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I've just been hired as a member of a group that is developing in C++. For the last 11 years, I'd been coding on and off at my last job (some C, some Fortran, some C++).

The coding I'd done was mostly maintaining and adding new features to one of our systems. The code, being 10 years old, did not contain all the modern C++ stuff. Lo and behold, my new job is filled with programmers with 5-10 years experience of pure coding and they all use the most modern aspects of C++ (C++11, template, lambda, etc, etc).

They are expecting someone with that same experience... which I have: I've been working for 15 years total, but when I look at their code, I can't understand half of it! :-|

Anyone been in that situation? What would you recommend?

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Be candid about what you don't know. If you get fired then so be it. But don't forget the usefulness of your current skills. You can create well working software using a "c-with-classes" style. I'd start with templates. They are pretty straight forward to learn. Then smart-pointers/RAII. –  Lord Tydus Sep 23 '12 at 23:20
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I would go learn the stuff you don't understand. You have 11 years of programming experience you shouldn't have problem doing so. –  Ramhound Sep 24 '12 at 11:08
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Oh look, another conflict between what the community wants and what the FAQ says. This is one of the most upvoted questions on the front page, and is the type of thing we all experience at some point, yet still gets closed? –  Izkata Sep 24 '12 at 19:08
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Yeah, templates are pretty straightforward. Until you actually try to use them. :) –  JesperE Sep 25 '12 at 6:13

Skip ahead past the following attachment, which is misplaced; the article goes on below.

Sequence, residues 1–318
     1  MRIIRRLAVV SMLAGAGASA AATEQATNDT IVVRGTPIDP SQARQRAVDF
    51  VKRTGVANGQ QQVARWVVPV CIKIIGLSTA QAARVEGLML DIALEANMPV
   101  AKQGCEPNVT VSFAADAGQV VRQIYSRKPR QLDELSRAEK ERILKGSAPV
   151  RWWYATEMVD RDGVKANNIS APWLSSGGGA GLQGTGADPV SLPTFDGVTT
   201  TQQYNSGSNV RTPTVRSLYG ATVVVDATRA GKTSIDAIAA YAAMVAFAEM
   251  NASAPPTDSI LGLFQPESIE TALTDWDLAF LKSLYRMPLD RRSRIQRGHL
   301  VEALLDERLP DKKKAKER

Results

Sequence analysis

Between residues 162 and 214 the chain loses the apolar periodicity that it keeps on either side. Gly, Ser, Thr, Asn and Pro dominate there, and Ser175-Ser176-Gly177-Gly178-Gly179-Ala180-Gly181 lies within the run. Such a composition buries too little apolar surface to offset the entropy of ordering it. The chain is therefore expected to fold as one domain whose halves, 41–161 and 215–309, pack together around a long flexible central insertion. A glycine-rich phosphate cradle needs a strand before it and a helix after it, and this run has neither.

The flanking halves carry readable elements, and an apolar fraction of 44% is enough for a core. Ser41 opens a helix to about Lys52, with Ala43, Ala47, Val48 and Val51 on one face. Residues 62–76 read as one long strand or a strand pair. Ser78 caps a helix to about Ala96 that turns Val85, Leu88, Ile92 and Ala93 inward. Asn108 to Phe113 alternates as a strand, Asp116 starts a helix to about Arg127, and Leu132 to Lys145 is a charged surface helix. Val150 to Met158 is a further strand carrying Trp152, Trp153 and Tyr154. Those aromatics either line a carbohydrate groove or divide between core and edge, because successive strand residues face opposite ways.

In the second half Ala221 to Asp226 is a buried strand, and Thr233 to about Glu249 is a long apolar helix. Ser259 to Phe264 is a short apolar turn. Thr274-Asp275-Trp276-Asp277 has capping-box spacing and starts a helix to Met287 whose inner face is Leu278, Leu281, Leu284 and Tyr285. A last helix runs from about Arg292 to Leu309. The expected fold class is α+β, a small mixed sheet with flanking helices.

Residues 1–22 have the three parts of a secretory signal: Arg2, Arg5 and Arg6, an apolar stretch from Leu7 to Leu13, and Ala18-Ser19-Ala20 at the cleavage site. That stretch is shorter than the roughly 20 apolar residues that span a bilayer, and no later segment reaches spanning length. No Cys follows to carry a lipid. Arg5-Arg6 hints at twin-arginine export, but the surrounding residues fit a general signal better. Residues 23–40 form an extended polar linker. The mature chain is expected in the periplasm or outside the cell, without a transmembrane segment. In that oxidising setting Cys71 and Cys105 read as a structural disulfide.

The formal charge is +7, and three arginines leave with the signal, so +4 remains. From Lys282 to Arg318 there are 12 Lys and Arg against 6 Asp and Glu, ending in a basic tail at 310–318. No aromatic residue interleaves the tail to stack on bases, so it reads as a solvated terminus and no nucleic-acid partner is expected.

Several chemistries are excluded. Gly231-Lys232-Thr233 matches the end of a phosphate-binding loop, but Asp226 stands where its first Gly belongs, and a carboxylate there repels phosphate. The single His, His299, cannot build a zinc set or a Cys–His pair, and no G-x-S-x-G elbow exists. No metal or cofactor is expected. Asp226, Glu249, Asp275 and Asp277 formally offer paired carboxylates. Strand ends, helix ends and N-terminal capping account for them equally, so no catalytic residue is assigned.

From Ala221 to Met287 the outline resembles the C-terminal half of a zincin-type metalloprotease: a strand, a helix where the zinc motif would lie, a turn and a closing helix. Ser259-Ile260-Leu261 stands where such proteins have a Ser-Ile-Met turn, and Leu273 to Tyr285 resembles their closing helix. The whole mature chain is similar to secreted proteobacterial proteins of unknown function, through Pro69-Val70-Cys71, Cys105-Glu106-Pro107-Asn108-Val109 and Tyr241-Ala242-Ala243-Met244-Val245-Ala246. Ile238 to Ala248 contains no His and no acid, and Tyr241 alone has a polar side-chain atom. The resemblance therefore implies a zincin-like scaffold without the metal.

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Actually, you could also look at it this way. You now have the opportunity to really learn a lot. Just ask when you don't know something, the worst think you can do is pretend that you understand. –  Bjarke Freund-Hansen Sep 26 '12 at 8:59
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13 Answers

When I have to work with other "experienced" people that fall into the same category as you, my biggest concern is that they would feel they have enough seniority that whatever they did for the last 15 years has always worked for them and they are happy with that. I've had some nice, clean organized code that has been completely trampled over by these "experienced" people.

What I would wish is that they (and just about everyone else, including myself) would approach programming with the idea that compared to what is out there, each of us actually knows very little and that no matter how much experience you think you have, there's always new things for you to learn and write better code, even in the language that you think you know 100%.

I'm certainly comfortable with C++11, lambdas, templates, metaprogramming, etc... but no matter how much time passes I still find that every year my code improves compared to what I used to write a year ago and I've been doing C++ professionally for 13 years.

Just by asking the question you've asked, I don't think you are in danger of being one of those "experienced" people that leave destruction and mayhem in their path. You already have a job with guys who have skills different from yours. This is great for you, don't be intimidated. Instead, show your openness and willingness to learn and I'm sure anyone on your team will be more than happy to mentor you until you get up to speed. They will be happy that you recognize that you need and want to improve yourself. I know I would be.

Ask for some code reviews and advice on how you could approach tasks differently and when you get that feedback, try to remember it for next time. Also most senior guys love to talk about design and lessons they've learned the hard way over the years. Simply talking informally, they'll give you plenty of knowledge you can take away.

As a general advice, whenever possible you should always try to surround yourself with people who are better/smarter than you. It's not a burden that you have to "deal" with but an opportunity to always improve yourself.